Jump to content
UNRV Ancient Roman Empire Forums
  • Time Travel Rome

Primus Pilus

Cicero, Great Statesman Or Over-rated

Recommended Posts

His first case was certainly a brave affair. Roscius I believe his name was. No one would take the case because of the involvement of Sullan partisans in the prosecution. Cicero went after Sulla's freedman, Crysigonus (sp) and asked the crowd "Qui bono" (who benefits) from a guilty verdict. His Pro Milone, one of his most famous speeches was delivered meekly and unremarkably, as Cicero had the tendency to crap himself under preassure. The courtroom being packed with Pompei's soldiers after he'd been declared sole consul following the death of Clodius.

Share this post


Link to post
Share on other sites

Let us not forget his prosecution of Gaius Verres (71BC) for his corruption and extortion during his governorship of Sicily. A very high profile case at the time.

Share this post


Link to post
Share on other sites

Cicero also defended Murena, and it was a case study of Cicero the Weasel.

 

Murena was an old Sullan, and he bribed his way to an electoral victory. Serving as quaestor, Cato was on the prosecution; while still consul (best I recall), Cicero was on the defense.

 

Cicero's argument depended on two variants of the same logical fallacy (the appeal to distraction). The first argumentum was that Cato's Stoicism maintained the law to extremes, and Cicero condescendingly poked fun at the classic Stoic disputanda. The second argumentum was that Murena shouldn't be tried because the republic was under threat by Catiline. Neither of these claims, obviously, were germane in the slightest to the issue of Murena's guilt, which Cicero all but admitted, but Cicero won nevertheless. (Cato, ironically it would turn out, claimed that Cicero was just over-hyping the Catiline threat for the sake of his client.)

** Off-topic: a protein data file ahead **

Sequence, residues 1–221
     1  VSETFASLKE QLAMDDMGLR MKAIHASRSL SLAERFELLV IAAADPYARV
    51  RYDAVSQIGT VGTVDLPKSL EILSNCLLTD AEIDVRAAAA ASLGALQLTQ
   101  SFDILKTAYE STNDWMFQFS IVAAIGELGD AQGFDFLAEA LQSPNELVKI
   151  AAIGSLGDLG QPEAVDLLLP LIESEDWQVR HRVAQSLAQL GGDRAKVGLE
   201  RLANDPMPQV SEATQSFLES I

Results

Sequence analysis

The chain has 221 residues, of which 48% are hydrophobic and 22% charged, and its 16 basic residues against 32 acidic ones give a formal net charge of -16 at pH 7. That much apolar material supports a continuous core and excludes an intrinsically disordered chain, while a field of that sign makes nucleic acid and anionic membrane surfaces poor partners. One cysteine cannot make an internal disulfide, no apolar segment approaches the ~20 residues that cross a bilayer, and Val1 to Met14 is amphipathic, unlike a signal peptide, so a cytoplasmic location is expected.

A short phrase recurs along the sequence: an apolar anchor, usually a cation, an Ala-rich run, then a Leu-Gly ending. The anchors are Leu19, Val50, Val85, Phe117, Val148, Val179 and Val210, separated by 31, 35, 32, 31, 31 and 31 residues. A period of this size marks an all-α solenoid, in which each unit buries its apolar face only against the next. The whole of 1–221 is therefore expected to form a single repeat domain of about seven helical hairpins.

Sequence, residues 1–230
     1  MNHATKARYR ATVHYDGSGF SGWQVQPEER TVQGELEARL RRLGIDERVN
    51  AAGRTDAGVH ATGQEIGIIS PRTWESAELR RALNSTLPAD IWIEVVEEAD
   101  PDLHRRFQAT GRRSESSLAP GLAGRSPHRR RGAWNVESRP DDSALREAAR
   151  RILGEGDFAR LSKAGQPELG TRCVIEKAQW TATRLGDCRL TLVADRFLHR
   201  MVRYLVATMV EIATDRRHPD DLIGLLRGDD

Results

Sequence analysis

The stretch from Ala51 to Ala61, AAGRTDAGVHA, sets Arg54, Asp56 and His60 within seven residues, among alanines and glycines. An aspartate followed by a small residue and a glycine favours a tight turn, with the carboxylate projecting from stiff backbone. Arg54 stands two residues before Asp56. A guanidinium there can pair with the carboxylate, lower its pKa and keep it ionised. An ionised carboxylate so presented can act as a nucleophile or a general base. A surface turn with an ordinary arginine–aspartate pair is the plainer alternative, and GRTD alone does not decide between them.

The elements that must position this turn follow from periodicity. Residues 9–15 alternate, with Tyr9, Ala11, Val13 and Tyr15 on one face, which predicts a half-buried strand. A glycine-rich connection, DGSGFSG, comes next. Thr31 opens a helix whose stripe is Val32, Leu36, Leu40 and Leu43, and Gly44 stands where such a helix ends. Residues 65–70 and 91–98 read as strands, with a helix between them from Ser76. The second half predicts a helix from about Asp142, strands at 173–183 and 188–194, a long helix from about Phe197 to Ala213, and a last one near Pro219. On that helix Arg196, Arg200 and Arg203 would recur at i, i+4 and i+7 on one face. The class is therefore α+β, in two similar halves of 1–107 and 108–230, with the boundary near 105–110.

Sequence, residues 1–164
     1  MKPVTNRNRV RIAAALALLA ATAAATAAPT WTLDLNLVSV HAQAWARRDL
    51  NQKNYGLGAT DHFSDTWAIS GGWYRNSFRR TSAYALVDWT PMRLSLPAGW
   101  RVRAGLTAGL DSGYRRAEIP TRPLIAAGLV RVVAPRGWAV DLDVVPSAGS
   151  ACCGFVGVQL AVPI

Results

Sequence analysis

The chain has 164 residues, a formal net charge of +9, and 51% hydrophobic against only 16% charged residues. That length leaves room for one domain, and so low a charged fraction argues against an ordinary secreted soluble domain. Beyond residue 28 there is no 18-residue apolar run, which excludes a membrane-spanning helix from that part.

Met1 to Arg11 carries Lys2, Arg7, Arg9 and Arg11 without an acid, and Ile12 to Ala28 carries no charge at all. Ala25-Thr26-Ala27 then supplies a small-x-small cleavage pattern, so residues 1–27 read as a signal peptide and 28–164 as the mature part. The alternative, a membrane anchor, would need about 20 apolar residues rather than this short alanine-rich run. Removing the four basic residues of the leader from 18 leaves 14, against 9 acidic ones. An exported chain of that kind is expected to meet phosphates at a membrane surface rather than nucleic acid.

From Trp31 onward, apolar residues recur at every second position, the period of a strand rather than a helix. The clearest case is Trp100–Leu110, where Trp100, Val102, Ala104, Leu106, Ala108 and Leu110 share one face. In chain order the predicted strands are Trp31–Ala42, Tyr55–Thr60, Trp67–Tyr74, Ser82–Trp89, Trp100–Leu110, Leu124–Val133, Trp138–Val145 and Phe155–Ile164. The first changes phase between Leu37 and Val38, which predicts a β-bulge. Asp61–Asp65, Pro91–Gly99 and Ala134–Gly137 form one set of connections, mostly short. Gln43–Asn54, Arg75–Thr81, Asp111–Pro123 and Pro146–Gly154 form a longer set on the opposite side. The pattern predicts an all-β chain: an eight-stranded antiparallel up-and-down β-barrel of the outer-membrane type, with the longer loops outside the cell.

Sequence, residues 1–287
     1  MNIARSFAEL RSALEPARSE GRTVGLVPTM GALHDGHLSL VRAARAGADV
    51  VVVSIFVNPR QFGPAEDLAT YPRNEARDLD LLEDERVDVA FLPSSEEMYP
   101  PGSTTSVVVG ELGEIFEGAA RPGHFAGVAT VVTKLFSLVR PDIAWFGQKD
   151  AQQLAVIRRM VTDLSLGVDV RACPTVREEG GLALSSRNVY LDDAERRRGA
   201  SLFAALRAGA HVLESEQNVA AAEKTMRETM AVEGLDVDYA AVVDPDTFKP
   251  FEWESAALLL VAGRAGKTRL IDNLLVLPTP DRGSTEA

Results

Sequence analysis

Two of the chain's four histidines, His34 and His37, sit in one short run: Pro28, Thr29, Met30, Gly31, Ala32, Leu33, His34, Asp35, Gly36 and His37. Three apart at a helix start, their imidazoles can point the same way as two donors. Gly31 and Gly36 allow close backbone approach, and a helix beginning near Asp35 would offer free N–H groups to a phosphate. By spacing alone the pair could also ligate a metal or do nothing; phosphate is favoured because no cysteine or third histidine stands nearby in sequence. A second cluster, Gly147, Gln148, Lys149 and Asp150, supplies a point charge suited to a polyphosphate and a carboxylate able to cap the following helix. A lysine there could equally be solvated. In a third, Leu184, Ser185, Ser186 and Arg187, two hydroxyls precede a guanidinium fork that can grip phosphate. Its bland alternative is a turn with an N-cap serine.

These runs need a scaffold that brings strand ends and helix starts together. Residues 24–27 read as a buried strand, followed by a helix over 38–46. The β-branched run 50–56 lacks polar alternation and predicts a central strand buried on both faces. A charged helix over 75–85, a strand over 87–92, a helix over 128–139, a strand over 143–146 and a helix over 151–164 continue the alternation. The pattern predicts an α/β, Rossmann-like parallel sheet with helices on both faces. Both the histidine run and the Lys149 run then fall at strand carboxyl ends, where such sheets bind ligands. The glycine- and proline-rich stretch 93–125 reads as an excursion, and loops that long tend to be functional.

In every way, Cicero's defense was amoral if not immoral. Leaving aside the indignity of a consul attacking the person of a junior prosecutor and ignoring that Cicero's arguments were illogical, of all the people to condone bribery it should never have been a new man--in a republic, bribery is the ultimate crime that benefits the ruling class to the exclusion of the talented. Moreover, by protecting the dregs of Sulla, Cicero undercut any claim to uphold libertas, thereby suggesting that his defense of the republic was merely an instrument for maintaining his own power.

 

I guess the overarching point is that even in the law courts Cicero could be a real ass.

Share this post


Link to post
Share on other sites

MPC, that is called rhetoric. I am no fan of Cicero, but this went on in Roman courts all the time.

Money did, does and always will buy 'justice'. It is a schiester's duty to defend his client to the best of his ability.

Edited by Gaius Octavius

Share this post


Link to post
Share on other sites
MPC, that is called rhetoric.

Today it's called rhetoric, but the term today has no honor. If you look at ancient writings on rhetoric, however, the field was far more honorable, and illogic was NOT universally admired. Look especially at Aristotle's Rhetoric. In the ancient context, what Cicero was practicing was not just rhetoric, but sophistry. And he should have been ashamed to employ it on behalf of a blood-stained Sullan.

 

I am no fan of Cicero, but this went on in Roman courts all the time. .... It is a schiester's duty to defend his client to the best of his ability.

 

OK, but the question is whether a consul of Rome should behave like a schiester on behalf of a Sullan. I say No--it's completely beneath the dignitas of the office; Cicero knew better; but he was willing (as usual) to compromise himself to cozy up to the powers that were.

Share this post


Link to post
Share on other sites

I've noticed that somebody is yet to mention Cicero's reputation in the law courts.

 

His reputation in the courts was well appreciated and he was sought after.

 

...very funny :huh:

Share this post


Link to post
Share on other sites

Maybe it's me or maybe it's Cicero, but I just can't stop having second thoughts about the guy. Having just finished trashing him, let me mention one area where I think Cicero deserves unabashed praise: His policy toward non-Romans. On this matter, I think, Cicero rendered an innovative and far-reaching service to the republic.

 

As I've said many times, the long-term success of Rome depended on its security amidst its possessions. To this end, it was critical that Romans respected the basic human rights of its allied citizens and provincials lest a valuable Roman trading partner become an enemy. Nowhere was this better illustrated than by the effect that the mistreated and ill-used Goths had on Rome, and centuries earlier it appeared that there were many potential Goths in the making, whether in Carthage (which had been ravaged out of pure spite), in Italy (which had erupted in rebellion when Rome failed to take Yes for an answer), in Syracusa (where Verres had gone so far as to crucify even the Romans living there), or in Gaul (where Caesar the Merciful butchered or enslaved--by his own reckoning--two million men, women, and children).